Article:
Friday, 27 September 2013

The Best Android Tablets for Under $300

The tablet market is booming, and lately, the trend is downgrading from the 10-inch behemoth devices to 7- or 8-inch tablets. Beyond Apple's iPad mini, Android fans have a wide range of selections to meet just about any need. The just announced Kindle Fire HDX has added yet another option, but don't forget about the Nexus 7 and other decent tablets, whether you're shopping for yourself or on the early hunt for holiday presents.

Kindle Fire, Old and New


Earlier this week, Amazon finally unveiled its latest line of tablets, dubbed Kindle Fire HDX. While the 8.9-inch model does offer a higher resolution display, the 7-inch Fire HDX is still on-par with the Nexus 7, thanks to its 1920x1200 screen. Amazon is boasting about the gaming prowess of the Fire HDX, as the Adreno 330 GPU is reportedly four times faster than the Kindle Fire HD. And despite its extremely fast--for a tablet--2.2GHz quad-core Snapdragon 800 processor, the Fire HDX still offers 11 hours of battery life (17 hours if you're just reading). Other new features include a 720p front-facing camera and Amazon's Fire 3.0 operating system.

The 7-inch Kindle Fire HDX ships October 18 for $229 (16GB) and $269 (32GB).

But while there's obviously plenty of reasons to go with Amazon's newly announced tablet, don't forget about the new Kindle Fire HD. The updated version of the last-gen tablet features a 1280x800 resolution display, 1GB of RAM, and 10 hours of battery life. The 8GB Kindle FIre HD has an MSRP of $139, while the 16GB model will set you back $169. Both versions ship on October 2.

Where to Buy:

See the Kindle Fire HDX on Amazon for $229

See the Kindle Fire HD on Amazon for $139


See Kindle Fire HDX Origami Case on Amazon for $65

See PowerFast Charging Adapter on Amazon for $20

The Nexus 7 is Still a Solid Option


So, while the Kindle Fire HDX may have matched Google's Nexus 7 in the display department--and trounced it in the processor department--the Nexus 7 is still a great tablet. The 1.5GHz Snapdragon S4 Pro processor notwithstanding, the Nexus 7 offers 2GB of RAM, a 5MP rear camera, and a 1.2MP front-facing camera for $229 (16GB) or $269 (32GB). Of course, the outstanding benefit of the Nexus 7 over the Fire HDX may quick and dependable stock Android updates, thanks to its Google branding; purchasing a Fire HDX means living with Fire 3.0 OS, love it or hate it.

Where to Buy:

See the Nexus 7 on Amazon for $229


See the Google Chromecast on Amazon for $35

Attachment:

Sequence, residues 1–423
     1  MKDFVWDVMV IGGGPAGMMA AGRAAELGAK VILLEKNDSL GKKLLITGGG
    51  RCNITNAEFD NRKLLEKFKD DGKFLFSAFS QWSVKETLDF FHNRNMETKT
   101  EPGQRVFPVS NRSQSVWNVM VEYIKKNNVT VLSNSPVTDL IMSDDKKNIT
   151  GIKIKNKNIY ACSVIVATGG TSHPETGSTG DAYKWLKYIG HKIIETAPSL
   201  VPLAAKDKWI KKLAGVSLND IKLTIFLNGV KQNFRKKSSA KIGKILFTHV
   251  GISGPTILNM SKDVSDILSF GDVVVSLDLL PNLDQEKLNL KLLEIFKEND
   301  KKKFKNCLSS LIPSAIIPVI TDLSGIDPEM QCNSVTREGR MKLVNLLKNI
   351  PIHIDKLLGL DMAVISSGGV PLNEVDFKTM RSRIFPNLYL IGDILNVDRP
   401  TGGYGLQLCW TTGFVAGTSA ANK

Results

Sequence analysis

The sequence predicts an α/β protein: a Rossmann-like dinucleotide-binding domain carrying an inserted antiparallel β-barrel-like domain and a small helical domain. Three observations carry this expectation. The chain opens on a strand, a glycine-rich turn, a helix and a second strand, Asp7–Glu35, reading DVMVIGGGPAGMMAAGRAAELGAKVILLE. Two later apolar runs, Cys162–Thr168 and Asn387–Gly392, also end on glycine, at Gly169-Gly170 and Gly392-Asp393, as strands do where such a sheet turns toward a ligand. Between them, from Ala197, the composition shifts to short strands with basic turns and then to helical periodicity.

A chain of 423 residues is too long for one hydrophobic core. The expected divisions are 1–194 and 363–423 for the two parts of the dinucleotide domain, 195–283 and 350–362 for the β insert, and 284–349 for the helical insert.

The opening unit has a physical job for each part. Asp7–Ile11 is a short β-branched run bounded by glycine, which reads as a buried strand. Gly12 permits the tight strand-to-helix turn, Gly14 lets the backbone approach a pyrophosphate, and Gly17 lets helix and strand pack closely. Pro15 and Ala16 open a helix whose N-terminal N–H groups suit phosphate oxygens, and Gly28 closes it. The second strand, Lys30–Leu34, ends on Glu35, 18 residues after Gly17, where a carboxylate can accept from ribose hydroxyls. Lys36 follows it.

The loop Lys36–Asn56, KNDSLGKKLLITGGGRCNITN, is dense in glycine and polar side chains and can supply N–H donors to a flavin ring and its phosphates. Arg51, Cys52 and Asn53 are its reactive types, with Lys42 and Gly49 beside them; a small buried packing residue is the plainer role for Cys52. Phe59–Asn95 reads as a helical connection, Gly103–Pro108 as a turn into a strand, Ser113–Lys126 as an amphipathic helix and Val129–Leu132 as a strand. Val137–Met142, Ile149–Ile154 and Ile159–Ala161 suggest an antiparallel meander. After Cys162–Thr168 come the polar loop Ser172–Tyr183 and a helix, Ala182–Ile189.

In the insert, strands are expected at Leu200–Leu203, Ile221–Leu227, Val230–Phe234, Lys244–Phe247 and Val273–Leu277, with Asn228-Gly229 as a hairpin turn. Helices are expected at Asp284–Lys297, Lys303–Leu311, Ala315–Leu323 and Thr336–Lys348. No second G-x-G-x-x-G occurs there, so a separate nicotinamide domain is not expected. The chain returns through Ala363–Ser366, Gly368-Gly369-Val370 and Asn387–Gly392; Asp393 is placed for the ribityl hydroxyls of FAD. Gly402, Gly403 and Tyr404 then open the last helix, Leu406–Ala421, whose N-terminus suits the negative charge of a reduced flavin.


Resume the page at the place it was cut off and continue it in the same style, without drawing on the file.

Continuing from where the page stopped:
Galaxy Tab 3 Goes (Slightly) Bigger


So, maybe you want a smaller tablet, but still need that extra inch of screen space to look bigger than the person using a Nexus 7 next to you on the bus. Some people just have that complex, OK? Samsung's Galaxy Tab 3 offers a 1.5GHz Samsung Exynos 4210 processor, 1.5GB of RAM, and 16GB of storage. Granted, you're not going to find all of the fancy features of Samsung's Note tablets on the Tab 3--the display is only 1024x600--but you'll also spend less than 300 bucks. And if you're willing to downgrade to a 7-inch model, you can find a Tab 3 for only $200.

Where to Buy:

See the 8" Samsung Galaxy Tab 3 on Amazon for $299

See the 7" Samsung Galaxy Tab 3 on Amazon for $199


See the Snugg Leather Flip-Stand Case on Amazon for $25

See the rooCase with stylus on Amazon for $10

Yes, the Nook HD Still Exists


OK, so maybe buying a Barnes and Noble's Nook HD isn't an investment in a product line that has much of a future. Despite a somewhat recent refresh, we've probably seen the last of the Nook--but hey, that means savings! The Nook HD offers a 1440x900 resolution display (243ppi), about 10 hours of battery life, and either 8GB or 16GB of storage (upgradeable via microSD card). Unfortunately, it also offers a proprietary charging connector. Still, you'll have access to all the apps on Google Play, as well as a competent e-reader.

Where to Buy:

See the Nook HD on Amazon for $125.99


See the MoKo Slim Cover Case on Amazon for $13

See the Ionic Leather Case with Charger on Amazon for $24

Matt Clark is a freelance writer covering the world of videogames, tech, and popular culture. Follow him on Twitter @ClarkMatt and MyIGN at Matt_Clark.

Source : ign[dot]com

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